Massachusetts health care organizations are finding new ways to address inequities in care for Black and Latino patients, according to an independent study that is the first to examine the success of an innovative partnership between the state’s largest nonprofit health plan and clinicians in its network.
“What Blue Cross Blue Shield of Massachusetts is doing is really innovative—no other large payer has prioritized racial equity and quality using financial incentives with robust technical assistance” in its contracts, said Hector Rodriguez, professor of health policy and management at University of California, Berkeley’s School of Public Health and lead author of the study, which was sponsored by the Commonwealth Fund.
The groundbreaking program, launched by Blue Cross Blue Shield of Massachusetts in 2021, provided $25 million in infrastructure-building grant money to 12 health care organizations – all of which take part in the health plan’s value-based payment model — designed to eliminate racial and ethnic inequities in health care. It also created a learning collaborative where clinicians can share challenges and best practices, receive expert coaching and test solutions. The effort prepared groups to sign landmark contracts with the insurer that reward them for reducing health inequities across their entire patient population—not just for Blue Cross members.
“Health care organizations are giving increased attention to advancing racial equity. Blue Cross, however, is among a handful of commercial payers that have taken concrete steps to reduce racial and ethnic disparities in care for all patients—not just their own,” Rodriguez said. “BCBSMA has taken an altruistic approach to build strong foundations for data collection and equity improvement. It has not been shy about making investments that benefit the greater good of a group and other payers’ patients as well as their own.”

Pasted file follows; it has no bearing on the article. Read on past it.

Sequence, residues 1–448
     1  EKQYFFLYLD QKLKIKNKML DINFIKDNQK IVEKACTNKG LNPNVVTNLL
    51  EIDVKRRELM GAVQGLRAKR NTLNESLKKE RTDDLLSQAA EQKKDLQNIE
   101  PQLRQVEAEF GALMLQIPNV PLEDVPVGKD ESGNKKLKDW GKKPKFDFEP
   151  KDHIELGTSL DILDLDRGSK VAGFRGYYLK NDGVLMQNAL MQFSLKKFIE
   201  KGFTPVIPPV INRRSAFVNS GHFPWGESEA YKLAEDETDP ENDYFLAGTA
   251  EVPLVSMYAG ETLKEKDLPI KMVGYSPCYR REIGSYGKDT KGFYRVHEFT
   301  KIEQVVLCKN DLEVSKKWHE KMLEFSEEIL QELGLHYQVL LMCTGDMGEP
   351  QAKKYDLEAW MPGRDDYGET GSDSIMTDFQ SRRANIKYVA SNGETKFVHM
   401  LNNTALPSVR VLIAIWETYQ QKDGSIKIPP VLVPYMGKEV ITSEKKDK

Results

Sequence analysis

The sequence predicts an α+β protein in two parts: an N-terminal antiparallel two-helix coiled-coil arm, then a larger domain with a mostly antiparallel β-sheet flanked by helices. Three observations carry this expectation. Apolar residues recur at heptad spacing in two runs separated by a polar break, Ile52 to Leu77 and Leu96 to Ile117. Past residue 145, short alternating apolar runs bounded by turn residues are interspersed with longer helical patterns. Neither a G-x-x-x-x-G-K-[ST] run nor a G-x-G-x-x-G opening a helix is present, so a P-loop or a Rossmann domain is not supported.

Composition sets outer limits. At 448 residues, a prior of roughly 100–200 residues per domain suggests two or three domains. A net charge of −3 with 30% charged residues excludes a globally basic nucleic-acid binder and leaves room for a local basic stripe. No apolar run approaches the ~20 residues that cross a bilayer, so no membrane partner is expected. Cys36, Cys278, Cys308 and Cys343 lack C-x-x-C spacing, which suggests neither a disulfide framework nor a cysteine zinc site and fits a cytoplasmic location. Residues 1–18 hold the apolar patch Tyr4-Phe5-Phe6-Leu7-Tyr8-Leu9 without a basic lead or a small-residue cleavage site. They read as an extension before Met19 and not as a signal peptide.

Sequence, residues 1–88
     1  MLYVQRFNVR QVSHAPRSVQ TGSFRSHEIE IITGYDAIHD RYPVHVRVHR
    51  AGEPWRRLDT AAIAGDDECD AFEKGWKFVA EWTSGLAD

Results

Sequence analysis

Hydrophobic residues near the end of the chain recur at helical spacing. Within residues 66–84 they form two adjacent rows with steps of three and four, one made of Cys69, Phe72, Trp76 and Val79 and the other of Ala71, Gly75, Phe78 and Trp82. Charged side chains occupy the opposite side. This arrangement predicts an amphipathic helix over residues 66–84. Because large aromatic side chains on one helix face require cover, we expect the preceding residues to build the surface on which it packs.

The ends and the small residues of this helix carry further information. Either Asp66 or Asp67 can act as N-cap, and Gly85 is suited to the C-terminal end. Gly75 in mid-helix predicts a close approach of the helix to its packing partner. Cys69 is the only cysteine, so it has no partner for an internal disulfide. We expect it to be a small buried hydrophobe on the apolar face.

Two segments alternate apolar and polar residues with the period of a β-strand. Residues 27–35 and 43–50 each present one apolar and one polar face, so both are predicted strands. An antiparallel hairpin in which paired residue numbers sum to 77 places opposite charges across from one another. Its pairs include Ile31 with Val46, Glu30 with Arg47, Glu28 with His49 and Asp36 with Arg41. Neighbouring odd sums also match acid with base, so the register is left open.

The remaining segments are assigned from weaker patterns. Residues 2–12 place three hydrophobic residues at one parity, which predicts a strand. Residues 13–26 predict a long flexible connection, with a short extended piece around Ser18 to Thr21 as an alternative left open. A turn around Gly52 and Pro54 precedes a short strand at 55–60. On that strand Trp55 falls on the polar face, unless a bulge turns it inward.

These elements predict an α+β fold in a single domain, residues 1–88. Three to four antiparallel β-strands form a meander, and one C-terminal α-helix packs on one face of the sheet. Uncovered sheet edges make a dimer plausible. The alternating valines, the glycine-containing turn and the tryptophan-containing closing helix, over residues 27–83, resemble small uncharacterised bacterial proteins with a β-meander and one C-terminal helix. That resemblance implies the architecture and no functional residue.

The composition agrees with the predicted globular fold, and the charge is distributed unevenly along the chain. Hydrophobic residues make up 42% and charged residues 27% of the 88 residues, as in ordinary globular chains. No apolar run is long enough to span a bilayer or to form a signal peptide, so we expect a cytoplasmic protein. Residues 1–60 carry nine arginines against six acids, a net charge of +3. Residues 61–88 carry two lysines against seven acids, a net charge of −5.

Rodriguez’s study synthesized 44 interviews with participants in the learning collaborative, which is facilitated by health care non-profit IHI.
“The collaborative learning system allowed for multiple provider groups to efficiently design and test clinical and community-based interventions,” the study found.
For example: Clinicians reported testing pilot projects aimed at reducing racial and ethnic disparities in breast and colorectal cancer screening and hypertension and diabetes management, such as community health worker outreach, mobile clinics, home health visits and strategies to improve transportation access.
The study also noted the health care organizations found novel ways to address one major challenge that has long bedeviled researchers: a lack of self-reported data about race and ethnicity. Rather than letting that slow them down, the organizations used Census data and demographic analysis to identify the best practice sites to test interventions.
“We heard from many participants that the learning collaborative promotes action and helps them overcome barriers they may encounter,” Rodriguez said. “They also appreciated the ability to work together. Here, they can leave competition at the door and embrace a shared interest in advancing equitable care.”
And, the study notes, the model may help make health care more affordable as well: “Learning collaboratives,” researchers wrote, “have the potential to reduce the overall cost of (quality improvement) because of the ability to import best practices.”
“It’s wonderful to see the Berkeley team’s independent review that shows our model is already making a difference,” agreed Dr. Mark Friedberg, a primary care physician and head of performance measurement and improvement at Blue Cross. “We believe in the importance of independent evaluation for all of our efforts, including our quality initiatives and now our equity work.”
Study participants underscored the need for continued investment and expertise to drive this work forward.
“Participants said the grant money from Blue Cross was an important foundational investment, but they noted that to continue making sustainable improvements in equity, they need to prioritize funding internally and hire staff with specific knowledge of how Black and Latino communities engage with the health care system,” Rodriguez said.
Rodriguez and his team will continue to report on the Blue Cross model, with more evaluations planned for the coming year.
Addressing decades-old barriers will require constant learning, Friedberg and Rodriguez noted, and independent research is part of that process.
“There is a learning orientation running through all of this work that will be vital for its success,” Rodriguez said. “Groups are learning from one another through the collaborative, and our evaluation of this work is helping Blue Cross learn about program challenges and opportunities moving forward.”